Duke Nukem Forever preview: Yeah, it's actually playable. No, really.

After what is arguably the longest, most troubled development in the history of video games, Duke Nukem Forever is finally, really, truly here. It's not being shown secretly, behind-closed-doors at some industry event. Instead, it's at PAX, an event that is, more than any other in this industry, consumer facing, and that tangibility is a big part of Gearbox's reveal.

Wait, who? Gearbox Software, the Texas-based dev who's helping to bring 3D Realms' pre-Google (think about it!) labor of love to consoles, is behind this revival along with publisher 2K Games. "This is a game you can't make promises about," Gearbox prez Randy Pitchford told an audience of incredulous gamers this morning. "Haven't we not been teased enough? We don't want to tease. We just thought we'd bring it to PAX." And Gearbox didn't just bring a trailer – although it did bring one of those – but more importantly, there's about 15 minutes of playable game. Let that sink in for a while.

While we weren't able to grab video of the trailer – you'll have to settle for my account – Pitchford did say that people could take pics. Actually, he said, "You've got cameras. You've got cellphones with cameras on them. Take all the pictures you want [...] We'll even take the pictures for you." You know, when Duke Nukem Forever was first announced, I didn't have a cellphone yet ... and the idea of a cellphone with a camera on it? Madness.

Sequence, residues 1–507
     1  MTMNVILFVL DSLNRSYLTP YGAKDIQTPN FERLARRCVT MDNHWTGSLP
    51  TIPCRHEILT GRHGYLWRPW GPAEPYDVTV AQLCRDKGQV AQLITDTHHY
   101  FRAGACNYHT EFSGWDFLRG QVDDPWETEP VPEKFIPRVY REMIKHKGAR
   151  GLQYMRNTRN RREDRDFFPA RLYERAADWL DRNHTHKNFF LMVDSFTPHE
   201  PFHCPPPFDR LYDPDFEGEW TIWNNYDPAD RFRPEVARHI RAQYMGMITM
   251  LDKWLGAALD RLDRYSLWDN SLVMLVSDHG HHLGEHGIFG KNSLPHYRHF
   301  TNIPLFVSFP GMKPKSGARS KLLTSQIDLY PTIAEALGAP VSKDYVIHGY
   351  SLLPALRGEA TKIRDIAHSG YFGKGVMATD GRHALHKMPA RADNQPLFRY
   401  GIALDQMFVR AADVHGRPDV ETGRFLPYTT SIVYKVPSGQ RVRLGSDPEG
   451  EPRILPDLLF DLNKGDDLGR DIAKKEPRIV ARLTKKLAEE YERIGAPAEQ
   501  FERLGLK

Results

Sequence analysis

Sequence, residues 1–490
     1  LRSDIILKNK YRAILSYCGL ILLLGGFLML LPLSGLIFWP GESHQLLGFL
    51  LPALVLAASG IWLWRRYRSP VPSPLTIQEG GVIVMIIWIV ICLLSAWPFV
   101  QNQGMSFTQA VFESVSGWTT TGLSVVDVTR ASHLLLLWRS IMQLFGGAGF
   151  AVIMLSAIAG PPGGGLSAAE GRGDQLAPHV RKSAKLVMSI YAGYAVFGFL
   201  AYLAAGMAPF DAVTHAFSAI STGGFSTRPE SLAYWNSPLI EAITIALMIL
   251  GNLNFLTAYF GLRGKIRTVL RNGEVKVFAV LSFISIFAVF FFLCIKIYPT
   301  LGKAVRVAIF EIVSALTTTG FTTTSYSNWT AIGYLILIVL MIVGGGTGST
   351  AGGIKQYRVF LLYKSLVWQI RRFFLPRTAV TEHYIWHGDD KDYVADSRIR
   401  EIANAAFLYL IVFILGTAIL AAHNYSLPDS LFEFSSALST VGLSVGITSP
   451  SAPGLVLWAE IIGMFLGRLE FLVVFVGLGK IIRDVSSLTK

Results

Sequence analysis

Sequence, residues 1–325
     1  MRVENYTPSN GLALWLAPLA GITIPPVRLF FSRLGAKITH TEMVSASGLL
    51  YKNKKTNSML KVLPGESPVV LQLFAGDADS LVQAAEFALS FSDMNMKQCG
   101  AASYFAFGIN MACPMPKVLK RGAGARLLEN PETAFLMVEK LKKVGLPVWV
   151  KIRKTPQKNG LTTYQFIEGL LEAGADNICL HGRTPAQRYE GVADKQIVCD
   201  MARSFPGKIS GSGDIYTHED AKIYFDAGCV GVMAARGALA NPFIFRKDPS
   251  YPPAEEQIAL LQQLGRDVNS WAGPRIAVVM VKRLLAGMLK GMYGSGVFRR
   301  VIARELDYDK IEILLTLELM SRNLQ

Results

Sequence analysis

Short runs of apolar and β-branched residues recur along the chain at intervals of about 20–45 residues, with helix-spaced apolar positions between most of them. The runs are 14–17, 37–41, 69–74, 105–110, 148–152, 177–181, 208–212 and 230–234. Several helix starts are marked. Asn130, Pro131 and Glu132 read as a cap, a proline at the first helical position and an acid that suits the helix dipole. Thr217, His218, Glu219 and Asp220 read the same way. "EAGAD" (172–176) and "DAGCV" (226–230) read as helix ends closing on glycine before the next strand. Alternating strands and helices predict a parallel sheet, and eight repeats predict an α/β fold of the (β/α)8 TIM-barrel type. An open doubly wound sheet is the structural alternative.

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Before the trailer began, Pitchford took another opportunity to assuage gamer's concerns. "It's coming in 2011. It's coming in 2011. It's absolutely going to come, and we will have it shipped. We brought you Borderlands last year. We know what we're doing. It's coming on the Xbox 360, the PlayStation 3 and Windows PC." And it's not just single-player; Pitchford says that DNF's "competitive multiplayer kicks ass; it's out of control."

And then, we went right into the trailer: The world repelled an alien invasion and a hero is revered. We see statues of Duke, the hero, the savior of Earth, "a man whose very presence sent aliens running back to their motherships." And then, like all alien invaders sent packing, they "came back angry." They tore the planet apart, but made one mistake: "They shouldn't have gone after our women," the narrator says.

"Dammit! Why do they always take the hot ones?"

It's the husky voice of the Duke, with the same prepubescent sense of humor. "Nothing gets between me and my babes!" he coos. As if on cue, the trailer cuts to scenes of (what else?) strippers! There's a handful of scripted attacks – a punch to the groin elicits a response from Duke. A frozen enemy gets kicked and elicits a "rest in pieces" response. A giant, really ugly, three-boobed alien elicits a particularly puerile response: "Hell, I'd still hit it." In other words, this is Duke Nukem, the same crass character that took the late-20th century gaming world by storm. In an era of epic storylines and earnest, touching stories about space marines, I haven't decided if Duke's personality is a refreshing, testosterone-infused breeze or an anachronistic relic, amusing in that "ironic" way. But there's time to make that decision later. For now, let's get to the hands-on.